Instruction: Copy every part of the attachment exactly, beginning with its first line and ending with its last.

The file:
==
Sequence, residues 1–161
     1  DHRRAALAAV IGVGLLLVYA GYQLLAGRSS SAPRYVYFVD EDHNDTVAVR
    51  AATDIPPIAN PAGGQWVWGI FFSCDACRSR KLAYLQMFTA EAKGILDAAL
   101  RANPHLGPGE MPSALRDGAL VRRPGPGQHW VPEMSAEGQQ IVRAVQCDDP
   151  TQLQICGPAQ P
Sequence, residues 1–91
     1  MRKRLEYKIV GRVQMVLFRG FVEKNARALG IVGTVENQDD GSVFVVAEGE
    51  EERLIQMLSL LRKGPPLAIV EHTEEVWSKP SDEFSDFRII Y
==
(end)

Sequence, residues 1–161
     1  DHRRAALAAV IGVGLLLVYA GYQLLAGRSS SAPRYVYFVD EDHNDTVAVR
    51  AATDIPPIAN PAGGQWVWGI FFSCDACRSR KLAYLQMFTA EAKGILDAAL
   101  RANPHLGPGE MPSALRDGAL VRRPGPGQHW VPEMSAEGQQ IVRAVQCDDP
   151  TQLQICGPAQ P
Sequence, residues 1–91
     1  MRKRLEYKIV GRVQMVLFRG FVEKNARALG IVGTVENQDD GSVFVVAEGE
    51  EERLIQMLSL LRKGPPLAIV EHTEEVWSKP SDEFSDFRII Y